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The Eric Carle Museum, Exhibits

May 11 - May 28

|Recurring Event (See all)

An event every week that begins at 12:00 am on Sunday, Thursday, Friday and Saturday, repeating until May 11, 2023

Eric Carle ❤️ Japan

The exhibition explores Eric Carle’s long association with—and deep admiration for—the country of Japan. Carle made five trips to Japan during his lifetime. It was the picture book museums he and his wife Barbara saw there—the Chihiro Art Museum in Azumino, the Anno Art Museum in Tsuwano, and Kazuo Iwamura Picture Book Hill Museum in Nakagawa—that became the inspiration for the establishment of The Carle. The six Japanese maple trees outside the Museum’s Great Hall are a reminder of this important connection.

Carle noted, “The picture book museums that we visited and admired in Japan all those years ago planted a seed that has now blossomed and grown into a home for picture book art in our own country.”

Most guests may be unaware that Carle’s most beloved book, The Very Hungry Caterpillar, was “hatched” in Japan in 1969. The book’s editor, Ann Beneduce, brought the project to Japan when she was unable to find a printer in the United States who could affordably construct the book’s unique design elements. It was the innovative engineers at Kaisei-sha Publishing Company in Tokyo who expertly printed and aligned the die-cut holes and shortened pages that became the book’s signature features. Now, 53 years later, The Very Hungry Caterpillar is the most translated children’s book in Japan and will soon celebrate its 50th anniversary in the country!

carle museum

Eric Carle ❤️ Japan includes never-before-seen photographs of Carle’s visits to Japan over a 32-year period. Of special interest are the original illustrations by Carle and Kazuo Iwamura from their book Where Are You Going? To See My Friend!, a 2001 collaboration between two picture book giants. Also on view are Carle’s illustrated haiku, Japanese word collages, and the portrait he made of a mother—not a teacher—specifically for the Japanese edition of Brown Bear, Brown Bear, What Do You See?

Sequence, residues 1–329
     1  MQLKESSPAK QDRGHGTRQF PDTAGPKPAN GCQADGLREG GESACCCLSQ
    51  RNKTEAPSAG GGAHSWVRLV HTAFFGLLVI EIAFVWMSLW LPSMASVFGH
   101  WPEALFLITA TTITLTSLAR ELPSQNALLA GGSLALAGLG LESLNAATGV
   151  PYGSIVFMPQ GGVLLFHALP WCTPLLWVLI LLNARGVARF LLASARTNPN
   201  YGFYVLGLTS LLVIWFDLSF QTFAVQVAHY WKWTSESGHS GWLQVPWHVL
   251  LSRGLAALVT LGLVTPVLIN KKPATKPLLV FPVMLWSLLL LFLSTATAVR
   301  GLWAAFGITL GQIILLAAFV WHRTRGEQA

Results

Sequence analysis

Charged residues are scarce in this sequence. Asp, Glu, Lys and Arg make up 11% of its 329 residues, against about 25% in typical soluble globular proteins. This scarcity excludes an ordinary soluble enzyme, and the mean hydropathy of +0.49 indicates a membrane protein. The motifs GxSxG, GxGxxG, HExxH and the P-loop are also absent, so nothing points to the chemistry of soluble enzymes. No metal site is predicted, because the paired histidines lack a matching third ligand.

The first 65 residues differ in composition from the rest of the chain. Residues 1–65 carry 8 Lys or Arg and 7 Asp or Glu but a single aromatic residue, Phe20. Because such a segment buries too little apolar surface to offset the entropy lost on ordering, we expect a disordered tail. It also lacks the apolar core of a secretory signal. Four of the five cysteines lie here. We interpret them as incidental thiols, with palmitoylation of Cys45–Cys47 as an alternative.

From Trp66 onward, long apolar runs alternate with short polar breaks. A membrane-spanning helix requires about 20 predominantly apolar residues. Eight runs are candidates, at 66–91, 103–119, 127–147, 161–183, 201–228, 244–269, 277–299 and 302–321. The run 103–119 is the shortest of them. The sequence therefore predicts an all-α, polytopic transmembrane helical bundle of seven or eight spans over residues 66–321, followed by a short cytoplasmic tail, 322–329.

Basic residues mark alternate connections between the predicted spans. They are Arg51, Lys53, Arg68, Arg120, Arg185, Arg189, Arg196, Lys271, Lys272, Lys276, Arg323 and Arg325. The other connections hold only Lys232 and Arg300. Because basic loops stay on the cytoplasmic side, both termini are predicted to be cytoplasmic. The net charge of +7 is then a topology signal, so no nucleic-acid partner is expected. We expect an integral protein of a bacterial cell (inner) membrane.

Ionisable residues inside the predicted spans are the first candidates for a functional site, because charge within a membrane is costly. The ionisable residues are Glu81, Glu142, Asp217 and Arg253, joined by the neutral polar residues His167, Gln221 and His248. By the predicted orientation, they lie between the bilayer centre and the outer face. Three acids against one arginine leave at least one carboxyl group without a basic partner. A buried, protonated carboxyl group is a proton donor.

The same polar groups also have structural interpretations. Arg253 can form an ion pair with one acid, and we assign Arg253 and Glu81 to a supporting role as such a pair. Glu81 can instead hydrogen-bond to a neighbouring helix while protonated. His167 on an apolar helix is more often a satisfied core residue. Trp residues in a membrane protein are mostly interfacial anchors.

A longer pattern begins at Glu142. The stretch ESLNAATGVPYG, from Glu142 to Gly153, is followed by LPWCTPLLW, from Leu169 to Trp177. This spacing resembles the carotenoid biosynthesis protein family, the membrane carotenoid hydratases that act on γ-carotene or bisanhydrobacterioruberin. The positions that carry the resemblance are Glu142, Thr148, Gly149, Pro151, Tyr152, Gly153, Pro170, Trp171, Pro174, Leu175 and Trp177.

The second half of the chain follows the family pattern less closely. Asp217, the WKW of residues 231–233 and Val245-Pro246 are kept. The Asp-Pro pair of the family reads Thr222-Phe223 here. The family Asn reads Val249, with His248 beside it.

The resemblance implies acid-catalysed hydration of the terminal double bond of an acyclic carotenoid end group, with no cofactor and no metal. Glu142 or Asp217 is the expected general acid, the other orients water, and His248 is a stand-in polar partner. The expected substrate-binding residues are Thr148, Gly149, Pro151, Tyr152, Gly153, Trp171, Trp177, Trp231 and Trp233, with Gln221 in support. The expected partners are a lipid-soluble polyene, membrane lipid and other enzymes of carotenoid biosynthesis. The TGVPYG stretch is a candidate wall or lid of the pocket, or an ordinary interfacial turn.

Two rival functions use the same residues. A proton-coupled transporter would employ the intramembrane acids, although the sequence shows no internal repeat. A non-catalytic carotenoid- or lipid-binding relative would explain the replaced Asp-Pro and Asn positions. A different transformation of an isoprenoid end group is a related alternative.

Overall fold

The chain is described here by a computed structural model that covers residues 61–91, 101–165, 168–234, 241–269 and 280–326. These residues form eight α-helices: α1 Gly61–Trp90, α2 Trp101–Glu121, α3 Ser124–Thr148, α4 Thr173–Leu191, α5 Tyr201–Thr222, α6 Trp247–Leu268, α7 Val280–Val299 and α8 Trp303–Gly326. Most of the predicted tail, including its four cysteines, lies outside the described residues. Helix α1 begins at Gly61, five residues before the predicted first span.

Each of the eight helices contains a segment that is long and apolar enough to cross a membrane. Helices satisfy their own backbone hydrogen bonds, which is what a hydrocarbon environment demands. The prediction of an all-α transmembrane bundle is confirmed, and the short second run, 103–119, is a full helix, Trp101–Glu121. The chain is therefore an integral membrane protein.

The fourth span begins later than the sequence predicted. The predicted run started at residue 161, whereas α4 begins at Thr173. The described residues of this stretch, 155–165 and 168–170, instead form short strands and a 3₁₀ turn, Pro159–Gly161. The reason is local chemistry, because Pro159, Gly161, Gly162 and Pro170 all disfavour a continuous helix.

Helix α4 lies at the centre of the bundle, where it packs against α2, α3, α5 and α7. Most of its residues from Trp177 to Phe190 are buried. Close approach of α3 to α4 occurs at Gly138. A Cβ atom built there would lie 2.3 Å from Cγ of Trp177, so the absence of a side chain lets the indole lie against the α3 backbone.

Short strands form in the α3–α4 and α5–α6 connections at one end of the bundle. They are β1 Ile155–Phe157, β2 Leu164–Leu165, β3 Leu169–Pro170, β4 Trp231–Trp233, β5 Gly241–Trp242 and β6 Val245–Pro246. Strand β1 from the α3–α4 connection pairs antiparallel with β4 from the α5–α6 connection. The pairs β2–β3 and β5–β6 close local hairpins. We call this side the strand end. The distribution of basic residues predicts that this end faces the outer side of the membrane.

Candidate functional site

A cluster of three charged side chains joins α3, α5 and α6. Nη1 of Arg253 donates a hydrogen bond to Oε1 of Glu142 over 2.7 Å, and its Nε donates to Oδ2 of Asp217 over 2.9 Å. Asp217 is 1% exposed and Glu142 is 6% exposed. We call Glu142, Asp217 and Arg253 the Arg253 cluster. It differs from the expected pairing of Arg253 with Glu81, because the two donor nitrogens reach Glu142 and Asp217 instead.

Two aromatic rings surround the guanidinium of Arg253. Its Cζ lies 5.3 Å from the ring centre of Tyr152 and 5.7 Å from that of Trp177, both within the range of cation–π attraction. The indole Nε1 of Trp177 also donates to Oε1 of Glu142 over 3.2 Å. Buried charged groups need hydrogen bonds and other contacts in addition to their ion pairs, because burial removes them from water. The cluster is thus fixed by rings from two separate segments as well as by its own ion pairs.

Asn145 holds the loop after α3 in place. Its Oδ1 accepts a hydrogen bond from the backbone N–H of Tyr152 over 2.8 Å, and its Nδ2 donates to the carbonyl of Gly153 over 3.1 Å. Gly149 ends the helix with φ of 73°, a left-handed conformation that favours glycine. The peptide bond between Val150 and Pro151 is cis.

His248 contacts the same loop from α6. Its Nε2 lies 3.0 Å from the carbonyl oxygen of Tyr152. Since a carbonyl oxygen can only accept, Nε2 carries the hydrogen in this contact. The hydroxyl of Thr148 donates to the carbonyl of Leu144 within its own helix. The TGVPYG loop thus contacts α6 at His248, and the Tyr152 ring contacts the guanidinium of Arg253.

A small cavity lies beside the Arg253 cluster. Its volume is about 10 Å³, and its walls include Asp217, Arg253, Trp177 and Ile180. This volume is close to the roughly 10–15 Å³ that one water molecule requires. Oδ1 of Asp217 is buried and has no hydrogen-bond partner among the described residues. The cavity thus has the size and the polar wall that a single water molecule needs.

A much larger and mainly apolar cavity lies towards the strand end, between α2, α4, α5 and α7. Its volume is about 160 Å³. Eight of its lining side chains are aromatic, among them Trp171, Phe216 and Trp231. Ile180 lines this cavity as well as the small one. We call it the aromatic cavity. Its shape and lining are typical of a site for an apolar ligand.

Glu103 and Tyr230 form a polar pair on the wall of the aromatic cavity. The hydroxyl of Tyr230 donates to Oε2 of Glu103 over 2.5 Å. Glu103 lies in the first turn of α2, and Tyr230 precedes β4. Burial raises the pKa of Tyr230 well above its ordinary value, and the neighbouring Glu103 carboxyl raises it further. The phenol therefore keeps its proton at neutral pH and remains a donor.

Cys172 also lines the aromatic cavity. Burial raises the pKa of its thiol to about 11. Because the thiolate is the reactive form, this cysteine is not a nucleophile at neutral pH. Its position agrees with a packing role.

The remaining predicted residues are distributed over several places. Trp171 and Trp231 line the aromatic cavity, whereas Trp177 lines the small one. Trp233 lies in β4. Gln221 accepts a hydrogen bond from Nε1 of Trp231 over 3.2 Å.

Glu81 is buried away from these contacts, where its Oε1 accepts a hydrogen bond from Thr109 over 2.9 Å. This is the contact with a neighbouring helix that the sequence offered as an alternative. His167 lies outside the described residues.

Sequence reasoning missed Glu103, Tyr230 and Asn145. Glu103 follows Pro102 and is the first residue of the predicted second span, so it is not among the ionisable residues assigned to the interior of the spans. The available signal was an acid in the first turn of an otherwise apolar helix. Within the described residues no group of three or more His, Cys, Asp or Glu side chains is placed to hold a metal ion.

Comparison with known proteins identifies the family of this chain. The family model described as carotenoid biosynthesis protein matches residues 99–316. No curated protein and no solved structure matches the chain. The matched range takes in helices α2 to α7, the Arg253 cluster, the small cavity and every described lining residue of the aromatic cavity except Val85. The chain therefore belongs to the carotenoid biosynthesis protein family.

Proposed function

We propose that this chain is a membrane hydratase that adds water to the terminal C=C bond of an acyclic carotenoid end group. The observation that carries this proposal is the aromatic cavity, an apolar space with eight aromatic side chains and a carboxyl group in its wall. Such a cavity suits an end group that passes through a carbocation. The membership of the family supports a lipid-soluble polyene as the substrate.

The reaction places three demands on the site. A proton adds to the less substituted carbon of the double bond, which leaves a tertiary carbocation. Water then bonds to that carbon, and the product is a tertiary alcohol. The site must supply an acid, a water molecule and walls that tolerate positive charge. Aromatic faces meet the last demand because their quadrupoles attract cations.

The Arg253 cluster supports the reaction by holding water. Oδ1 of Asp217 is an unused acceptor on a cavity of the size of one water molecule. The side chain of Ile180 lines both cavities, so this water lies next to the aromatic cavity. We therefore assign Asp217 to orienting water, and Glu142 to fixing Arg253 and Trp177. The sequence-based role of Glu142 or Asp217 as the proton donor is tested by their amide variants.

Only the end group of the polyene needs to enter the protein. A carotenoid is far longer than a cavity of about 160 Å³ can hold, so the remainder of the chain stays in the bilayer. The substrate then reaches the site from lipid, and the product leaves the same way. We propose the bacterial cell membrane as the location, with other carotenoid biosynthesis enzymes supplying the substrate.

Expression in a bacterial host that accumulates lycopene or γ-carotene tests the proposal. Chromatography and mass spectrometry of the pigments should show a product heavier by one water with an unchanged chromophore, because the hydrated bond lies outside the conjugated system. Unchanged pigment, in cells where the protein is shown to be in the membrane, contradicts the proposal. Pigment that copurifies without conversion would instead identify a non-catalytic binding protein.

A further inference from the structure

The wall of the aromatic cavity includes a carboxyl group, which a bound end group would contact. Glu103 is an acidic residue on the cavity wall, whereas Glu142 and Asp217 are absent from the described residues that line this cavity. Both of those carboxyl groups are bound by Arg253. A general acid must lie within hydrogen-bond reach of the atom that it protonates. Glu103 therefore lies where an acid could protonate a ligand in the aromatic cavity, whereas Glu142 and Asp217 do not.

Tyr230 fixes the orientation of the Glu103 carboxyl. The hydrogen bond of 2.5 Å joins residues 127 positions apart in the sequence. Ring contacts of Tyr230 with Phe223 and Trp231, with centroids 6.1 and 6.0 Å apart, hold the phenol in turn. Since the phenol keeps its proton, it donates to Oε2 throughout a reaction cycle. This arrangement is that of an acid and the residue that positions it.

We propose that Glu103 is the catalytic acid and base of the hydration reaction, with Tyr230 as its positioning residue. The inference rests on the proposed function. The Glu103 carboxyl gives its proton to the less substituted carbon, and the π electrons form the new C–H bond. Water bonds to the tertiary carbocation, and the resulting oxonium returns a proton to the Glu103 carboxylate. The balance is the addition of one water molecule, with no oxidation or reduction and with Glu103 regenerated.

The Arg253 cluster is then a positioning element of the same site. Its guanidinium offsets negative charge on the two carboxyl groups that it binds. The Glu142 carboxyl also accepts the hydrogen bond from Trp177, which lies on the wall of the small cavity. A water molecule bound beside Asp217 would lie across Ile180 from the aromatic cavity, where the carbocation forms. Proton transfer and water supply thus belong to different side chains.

There are several unique objects on view, like a Japanese quilted version of The Very Hungry Caterpillar, exclusive Japanese merchandise, and prints donated by the Chihiro Art Museum when the Museum opened in 2002. Select labels are presented in English and Japanese. Guests are invited to create collaborative books inspired by Carle’s and Iwamura’s Where Are You Going? To See My Friend!

The Carle’s chief curator, Ellen Keiter, organized the exhibition with Courtney Waring, director of education, Motoko Inoue, Carle’s longtime creative director, and Rachel Hass, Carle’s former assistant and now a member of the Museum staff. Keiter says, “Assembling Eric Carle ❤️ Japan was a group effort. The exhibition is more personal than most, highlighting Eric’s fondness for Japanese culture; it includes ephemera like handwritten notes and photographs. Motoko and Rachel provided great insight and historical references. It was fun to curate together!”

Eric Carle ❤️ Japan is made possible through a generous gift from Kaisei-sha Publishing Company.
All Eric Carle exhibitions at the Museum are made possible through the generous support of the Hsin-Yi Foundation.

Japanese language translations provided by the Translation Center at the University of Massachusetts, Amherst.